Tobacco and climate change: no difference.

Many scientists are perplexed why we have lost the so-called ‘media war on science’ given that the evidence of climate change and its human origin is so extensive and considered unambiguous within the best scientific circles. Have a listen to this fascinating session at the American Association for the Advancement of Science (the peak US scientific association which also produces science magazine):


The four speakers recorded by Robyn Williams at the ABC Science Show give fascinating perspective on why this has happened despite the fact that the science behind climate change is so solid.  Four major points emerge from their analysis:

1. Climate change is diffusing away from the scientific community and into general society.

“Conservative think-tanks, obviously with corporate support that we’ll hear about, have greatly amplified the work of contrarian scientists. They’ve recently been joined by conservative media, Limbaugh, Fox, conservative politicians, Inhofe, most Republicans these days with the exception of Lindsey Graham, and especially the blogosphere in waging an all-out war in climate change science. We can add undermining climate change policy to the policy impacts that we started out with of conservative think-tanks” (Riley Dunlap).

2. Scientists need to be more sceptical about those new studies coming out saying ‘well, it’s not so bad’.

“For the mass media we’re in time for a new era of coverage. If you decide to cover the ideological think-tanks at all after the American Enterprise Institute has already announced publicly that they’ll pay $10,000 for any scientist who will write something that says ‘hey, it isn’t so bad, this is why I’m sceptical’, if you want to cover them at all, what is worth covering is the tactics that these right-wing think-tanks are using. If you really want to report the conflict like a good journalist: ‘On the one hand this, on the other hand that’, the true other side, the scientifically credible other side on global warming issues is not that it’s not happening but that either it’s as bad as the IPCC says or else it’s worse.” (William Freudenburg)

3. There is a considerable gap between scientific knowledge and public perception.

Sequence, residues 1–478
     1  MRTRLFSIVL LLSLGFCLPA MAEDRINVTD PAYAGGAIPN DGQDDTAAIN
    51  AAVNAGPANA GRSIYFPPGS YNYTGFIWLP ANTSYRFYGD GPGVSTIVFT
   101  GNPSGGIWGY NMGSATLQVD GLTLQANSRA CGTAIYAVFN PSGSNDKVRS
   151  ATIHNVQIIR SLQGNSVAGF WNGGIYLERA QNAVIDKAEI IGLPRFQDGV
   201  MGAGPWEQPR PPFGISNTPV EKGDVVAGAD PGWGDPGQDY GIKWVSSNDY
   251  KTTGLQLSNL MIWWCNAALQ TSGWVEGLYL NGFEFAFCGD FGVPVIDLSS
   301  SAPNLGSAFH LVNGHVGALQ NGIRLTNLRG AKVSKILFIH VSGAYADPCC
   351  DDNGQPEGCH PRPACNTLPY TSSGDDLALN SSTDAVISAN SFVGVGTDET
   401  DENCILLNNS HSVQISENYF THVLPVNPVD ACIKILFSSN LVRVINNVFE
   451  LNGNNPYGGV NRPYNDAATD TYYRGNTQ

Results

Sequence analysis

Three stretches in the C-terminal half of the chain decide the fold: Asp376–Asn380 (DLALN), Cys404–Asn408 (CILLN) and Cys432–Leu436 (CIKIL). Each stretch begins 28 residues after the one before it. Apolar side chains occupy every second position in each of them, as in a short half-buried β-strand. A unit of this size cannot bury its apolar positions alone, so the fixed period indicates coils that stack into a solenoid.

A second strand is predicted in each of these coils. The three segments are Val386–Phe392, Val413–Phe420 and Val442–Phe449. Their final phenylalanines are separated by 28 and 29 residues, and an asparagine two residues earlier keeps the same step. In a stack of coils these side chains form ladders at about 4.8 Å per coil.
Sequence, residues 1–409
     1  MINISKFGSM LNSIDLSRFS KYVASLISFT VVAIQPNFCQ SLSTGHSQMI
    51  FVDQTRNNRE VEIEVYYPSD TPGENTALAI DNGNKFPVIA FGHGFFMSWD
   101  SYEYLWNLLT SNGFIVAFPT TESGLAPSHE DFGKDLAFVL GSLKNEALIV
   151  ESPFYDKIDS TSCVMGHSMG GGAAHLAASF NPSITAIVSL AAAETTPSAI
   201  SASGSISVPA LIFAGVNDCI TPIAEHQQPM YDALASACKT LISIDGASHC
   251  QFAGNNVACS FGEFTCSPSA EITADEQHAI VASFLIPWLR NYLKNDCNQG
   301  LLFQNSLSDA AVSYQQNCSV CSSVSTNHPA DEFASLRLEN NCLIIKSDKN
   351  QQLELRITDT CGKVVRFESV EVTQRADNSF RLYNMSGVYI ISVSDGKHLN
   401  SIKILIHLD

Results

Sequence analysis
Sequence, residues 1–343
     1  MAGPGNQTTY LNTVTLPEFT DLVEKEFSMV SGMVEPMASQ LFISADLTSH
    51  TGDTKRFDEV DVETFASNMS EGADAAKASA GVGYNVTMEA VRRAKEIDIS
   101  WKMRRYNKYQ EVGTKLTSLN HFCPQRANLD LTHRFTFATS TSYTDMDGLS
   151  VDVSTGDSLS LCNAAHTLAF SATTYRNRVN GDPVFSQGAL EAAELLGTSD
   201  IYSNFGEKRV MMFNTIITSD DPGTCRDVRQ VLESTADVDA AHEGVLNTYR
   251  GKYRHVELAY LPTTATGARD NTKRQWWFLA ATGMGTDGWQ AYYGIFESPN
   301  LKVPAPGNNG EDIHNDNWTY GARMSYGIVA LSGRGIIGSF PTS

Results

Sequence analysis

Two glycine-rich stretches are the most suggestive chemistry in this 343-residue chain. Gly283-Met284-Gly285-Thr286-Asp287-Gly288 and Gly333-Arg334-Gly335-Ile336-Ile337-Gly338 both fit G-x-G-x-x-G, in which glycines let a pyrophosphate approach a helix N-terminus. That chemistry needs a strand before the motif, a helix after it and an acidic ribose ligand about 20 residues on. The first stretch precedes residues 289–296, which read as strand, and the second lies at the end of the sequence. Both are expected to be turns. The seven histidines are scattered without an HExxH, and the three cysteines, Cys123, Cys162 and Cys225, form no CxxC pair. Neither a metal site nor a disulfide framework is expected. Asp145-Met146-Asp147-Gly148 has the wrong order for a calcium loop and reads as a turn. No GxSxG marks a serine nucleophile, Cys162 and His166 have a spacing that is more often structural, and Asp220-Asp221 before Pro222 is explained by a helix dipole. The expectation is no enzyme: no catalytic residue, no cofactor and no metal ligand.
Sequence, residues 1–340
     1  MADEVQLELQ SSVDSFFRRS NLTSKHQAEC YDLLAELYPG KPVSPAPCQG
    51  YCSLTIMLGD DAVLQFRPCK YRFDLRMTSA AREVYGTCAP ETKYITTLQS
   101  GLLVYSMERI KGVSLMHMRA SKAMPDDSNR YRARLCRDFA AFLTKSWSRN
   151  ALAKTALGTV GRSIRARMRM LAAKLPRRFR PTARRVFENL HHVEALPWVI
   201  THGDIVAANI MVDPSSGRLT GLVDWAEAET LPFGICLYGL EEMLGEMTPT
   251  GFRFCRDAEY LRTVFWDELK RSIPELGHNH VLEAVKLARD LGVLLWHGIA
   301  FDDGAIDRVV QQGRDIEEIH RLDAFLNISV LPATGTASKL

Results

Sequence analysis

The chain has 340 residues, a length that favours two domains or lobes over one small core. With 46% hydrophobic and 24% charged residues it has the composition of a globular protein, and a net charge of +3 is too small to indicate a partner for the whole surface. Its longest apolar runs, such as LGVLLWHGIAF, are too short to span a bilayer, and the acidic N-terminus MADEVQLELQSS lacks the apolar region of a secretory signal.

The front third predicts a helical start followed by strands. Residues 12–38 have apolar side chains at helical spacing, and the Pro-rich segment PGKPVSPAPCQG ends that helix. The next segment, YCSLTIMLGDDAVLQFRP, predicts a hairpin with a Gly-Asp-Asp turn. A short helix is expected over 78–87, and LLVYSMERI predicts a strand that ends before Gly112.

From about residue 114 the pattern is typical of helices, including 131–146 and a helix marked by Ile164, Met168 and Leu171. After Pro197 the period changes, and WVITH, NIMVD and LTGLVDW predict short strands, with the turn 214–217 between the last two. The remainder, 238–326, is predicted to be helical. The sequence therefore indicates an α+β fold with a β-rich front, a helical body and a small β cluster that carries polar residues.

I think we know that one reason for sure is that the balanced framework that so many journalists rely on unduly weighs outlier views. So we’ve talked about that a lot already, but it seems to me there is an important point for this audience which is how scientists think about the problem. Actually most scientists, it seems to me, don’t spend most of their time really worrying about the balance framework in the media, what they worry about more, or what they invoke if you ask them why the public are confused, is what we historians and sociologists would call the deficit model. That is to say, we tend to assume that the public are confused because they have a deficit of scientific knowledge, education and cognitive skills. That is to say that they’re scientifically illiterate.

So if the problem is a deficit, then the remedy for it is a surfeit. (Naomi Oreskes)

4. There’s no such thing as a good scientist who isn’t a sceptic.

I changed my opinion in 1970 from cooling to warming, published it first, it’s one of my proudest moments in science because we found, as the evidence accumulated, that there were a number of reasons, it’s all explained in chapter one of “Science as a Contact Sport”, and I still have to hear things from those famous climate professors, the ones that publish all the papers in the referee journals, professors Limbaugh and Will, you know, about how… ‘Oh Schneider, he’s just an environmentalist for all temperatures’, it’s a great line! (Stephen Schneider)

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